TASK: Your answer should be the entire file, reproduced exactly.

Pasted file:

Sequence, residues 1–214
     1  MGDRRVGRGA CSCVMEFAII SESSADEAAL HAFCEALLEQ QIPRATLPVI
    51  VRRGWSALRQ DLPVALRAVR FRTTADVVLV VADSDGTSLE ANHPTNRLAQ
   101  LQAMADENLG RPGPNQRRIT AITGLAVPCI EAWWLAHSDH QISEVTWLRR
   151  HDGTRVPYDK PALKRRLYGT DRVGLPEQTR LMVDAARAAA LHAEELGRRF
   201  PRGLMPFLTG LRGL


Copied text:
Sequence, residues 1–214
     1  MGDRRVGRGA CSCVMEFAII SESSADEAAL HAFCEALLEQ QIPRATLPVI
    51  VRRGWSALRQ DLPVALRAVR FRTTADVVLV VADSDGTSLE ANHPTNRLAQ
   101  LQAMADENLG RPGPNQRRIT AITGLAVPCI EAWWLAHSDH QISEVTWLRR
   151  HDGTRVPYDK PALKRRLYGT DRVGLPEQTR LMVDAARAAA LHAEELGRRF
   201  PRGLMPFLTG LRGL